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Table of Contents
Year : 2013  |  Volume : 17  |  Issue : 3  |  Page : 537-538

Should depressive patients undergo a regular diabetes screening test?

1 Medical College and Hospital, Kolkata, West Bengal, India
2 R. G. Kar Medical College and Hospital, Kolkata, West Bengal, India

Date of Web Publication10-May-2013

Correspondence Address:
Subhankar Chatterjee
c/o Dr. T. J. Banerjee, Shantiniketan Appartment, Bijaylaxmi Colony, Nabapally, Barasat, N-24 Paraganas, Kolkata, West Bengal
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Source of Support: None, Conflict of Interest: None

DOI: 10.4103/2230-8210.111692

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How to cite this article:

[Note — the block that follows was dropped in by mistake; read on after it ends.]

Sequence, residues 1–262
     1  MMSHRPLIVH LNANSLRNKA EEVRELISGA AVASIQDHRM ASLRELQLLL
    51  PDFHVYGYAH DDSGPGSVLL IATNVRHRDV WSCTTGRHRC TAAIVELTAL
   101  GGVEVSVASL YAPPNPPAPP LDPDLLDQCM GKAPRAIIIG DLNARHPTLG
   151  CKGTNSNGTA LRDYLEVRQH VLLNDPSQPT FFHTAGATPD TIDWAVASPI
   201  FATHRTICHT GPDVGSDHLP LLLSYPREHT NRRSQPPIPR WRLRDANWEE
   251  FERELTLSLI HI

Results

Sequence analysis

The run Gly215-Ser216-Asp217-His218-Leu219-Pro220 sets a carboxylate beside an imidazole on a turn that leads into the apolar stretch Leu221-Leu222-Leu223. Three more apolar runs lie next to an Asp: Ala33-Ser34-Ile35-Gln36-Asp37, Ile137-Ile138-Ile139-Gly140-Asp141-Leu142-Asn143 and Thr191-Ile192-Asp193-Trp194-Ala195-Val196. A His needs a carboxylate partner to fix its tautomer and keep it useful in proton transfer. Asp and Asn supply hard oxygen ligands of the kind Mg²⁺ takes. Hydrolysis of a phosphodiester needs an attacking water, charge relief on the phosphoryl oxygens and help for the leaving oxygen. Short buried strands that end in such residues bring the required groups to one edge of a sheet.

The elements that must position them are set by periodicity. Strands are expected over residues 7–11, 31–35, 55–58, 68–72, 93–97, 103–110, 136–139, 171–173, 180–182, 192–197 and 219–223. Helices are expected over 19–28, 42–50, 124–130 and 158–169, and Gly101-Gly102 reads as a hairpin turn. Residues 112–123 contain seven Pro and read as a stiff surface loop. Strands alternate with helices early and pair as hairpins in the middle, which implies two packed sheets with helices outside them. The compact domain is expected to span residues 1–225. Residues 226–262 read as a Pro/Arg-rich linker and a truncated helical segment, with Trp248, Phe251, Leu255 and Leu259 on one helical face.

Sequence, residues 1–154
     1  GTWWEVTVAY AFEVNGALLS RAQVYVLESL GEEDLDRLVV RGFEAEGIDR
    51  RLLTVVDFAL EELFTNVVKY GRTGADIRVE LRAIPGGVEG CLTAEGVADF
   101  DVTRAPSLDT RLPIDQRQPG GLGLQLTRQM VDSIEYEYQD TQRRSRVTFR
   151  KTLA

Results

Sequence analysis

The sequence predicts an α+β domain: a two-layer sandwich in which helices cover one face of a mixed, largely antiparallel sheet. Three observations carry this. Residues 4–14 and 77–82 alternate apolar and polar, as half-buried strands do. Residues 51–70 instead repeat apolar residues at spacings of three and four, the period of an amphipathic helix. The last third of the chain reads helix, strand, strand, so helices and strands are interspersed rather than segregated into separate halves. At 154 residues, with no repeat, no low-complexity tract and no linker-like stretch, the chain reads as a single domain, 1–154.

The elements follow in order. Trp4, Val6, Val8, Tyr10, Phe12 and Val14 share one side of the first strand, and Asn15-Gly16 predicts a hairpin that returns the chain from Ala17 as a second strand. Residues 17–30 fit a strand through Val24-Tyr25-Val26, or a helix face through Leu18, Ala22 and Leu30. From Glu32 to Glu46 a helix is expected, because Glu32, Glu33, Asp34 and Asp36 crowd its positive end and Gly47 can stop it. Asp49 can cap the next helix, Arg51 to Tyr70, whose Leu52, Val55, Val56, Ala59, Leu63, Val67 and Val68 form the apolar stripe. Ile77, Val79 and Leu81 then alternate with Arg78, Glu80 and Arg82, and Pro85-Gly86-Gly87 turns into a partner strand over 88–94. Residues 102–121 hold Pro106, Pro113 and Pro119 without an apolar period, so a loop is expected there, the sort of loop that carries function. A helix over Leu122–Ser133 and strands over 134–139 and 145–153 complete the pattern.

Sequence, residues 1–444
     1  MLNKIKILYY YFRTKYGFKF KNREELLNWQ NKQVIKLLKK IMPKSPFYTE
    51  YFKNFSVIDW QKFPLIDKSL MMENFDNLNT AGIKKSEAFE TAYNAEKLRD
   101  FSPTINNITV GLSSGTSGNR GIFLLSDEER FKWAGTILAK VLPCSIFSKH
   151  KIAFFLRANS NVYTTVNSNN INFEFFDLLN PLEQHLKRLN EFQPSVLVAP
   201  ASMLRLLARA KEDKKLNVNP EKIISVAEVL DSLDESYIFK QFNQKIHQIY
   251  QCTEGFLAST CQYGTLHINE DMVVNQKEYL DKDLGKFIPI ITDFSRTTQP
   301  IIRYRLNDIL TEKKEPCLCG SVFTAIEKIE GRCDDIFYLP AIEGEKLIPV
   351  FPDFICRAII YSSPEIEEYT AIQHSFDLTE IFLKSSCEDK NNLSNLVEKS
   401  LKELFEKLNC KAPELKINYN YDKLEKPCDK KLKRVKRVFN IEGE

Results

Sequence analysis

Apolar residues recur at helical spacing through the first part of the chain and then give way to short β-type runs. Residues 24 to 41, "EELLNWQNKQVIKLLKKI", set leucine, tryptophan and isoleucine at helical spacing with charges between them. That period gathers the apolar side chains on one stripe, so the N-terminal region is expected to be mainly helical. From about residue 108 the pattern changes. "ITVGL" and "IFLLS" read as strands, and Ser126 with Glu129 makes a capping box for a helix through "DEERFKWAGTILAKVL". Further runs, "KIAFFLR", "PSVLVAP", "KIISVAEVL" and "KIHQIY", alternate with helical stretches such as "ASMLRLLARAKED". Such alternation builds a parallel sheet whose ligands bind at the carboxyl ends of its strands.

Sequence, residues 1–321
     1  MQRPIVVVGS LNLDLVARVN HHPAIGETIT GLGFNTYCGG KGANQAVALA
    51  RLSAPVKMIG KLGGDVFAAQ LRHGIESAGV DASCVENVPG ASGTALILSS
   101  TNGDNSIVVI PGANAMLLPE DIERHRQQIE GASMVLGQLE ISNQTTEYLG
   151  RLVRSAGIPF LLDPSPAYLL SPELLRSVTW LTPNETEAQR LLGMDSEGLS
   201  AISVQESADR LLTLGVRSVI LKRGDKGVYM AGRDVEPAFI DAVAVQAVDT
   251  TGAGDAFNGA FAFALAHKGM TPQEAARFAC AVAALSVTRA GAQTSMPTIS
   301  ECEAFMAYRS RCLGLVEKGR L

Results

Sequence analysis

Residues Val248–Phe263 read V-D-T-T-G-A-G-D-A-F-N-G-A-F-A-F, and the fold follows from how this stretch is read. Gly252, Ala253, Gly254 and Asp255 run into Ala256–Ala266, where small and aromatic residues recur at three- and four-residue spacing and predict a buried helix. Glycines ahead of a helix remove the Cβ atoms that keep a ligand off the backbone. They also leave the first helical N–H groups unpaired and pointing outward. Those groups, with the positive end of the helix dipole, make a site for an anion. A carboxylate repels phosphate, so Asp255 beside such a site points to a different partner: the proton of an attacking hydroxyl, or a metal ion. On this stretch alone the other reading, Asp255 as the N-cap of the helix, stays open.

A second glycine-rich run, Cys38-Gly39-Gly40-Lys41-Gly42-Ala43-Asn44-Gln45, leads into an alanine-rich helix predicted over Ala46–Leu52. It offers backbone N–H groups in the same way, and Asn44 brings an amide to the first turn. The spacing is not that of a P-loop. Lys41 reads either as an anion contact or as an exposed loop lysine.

Ghosh S, Chatterjee S. Should depressive patients undergo a regular diabetes screening test?. Indian J Endocr Metab 2013;17:537-8

How to cite this URL:
Ghosh S, Chatterjee S. Should depressive patients undergo a regular diabetes screening test?. Indian J Endocr Metab [serial online] 2013 [cited 2021 Jun 24];17:537-8. Available from: https://www.ijem.in/text.asp?2013/17/3/537/111692


The article "Association of depression and its relation with complications in newly diagnosed type 2 diabetes" by Bajaj et al., [1] dealing with the complicated psychological scenario of patients suffering from type 2 diabetes mellitus (T2DM) and its relevance with the systemic complications of the same, is indeed a laudable effort. It has recommended psychological counselling and therapeutic approach to cope with both depression and diabetes to provide better healthcare to the patients. However, the reverse is also true which is greatly overlooked during diagnosis and prevention of new cases of diabetes in the current scenario. This correspondence highlights this little focused arena of endocrinology practice.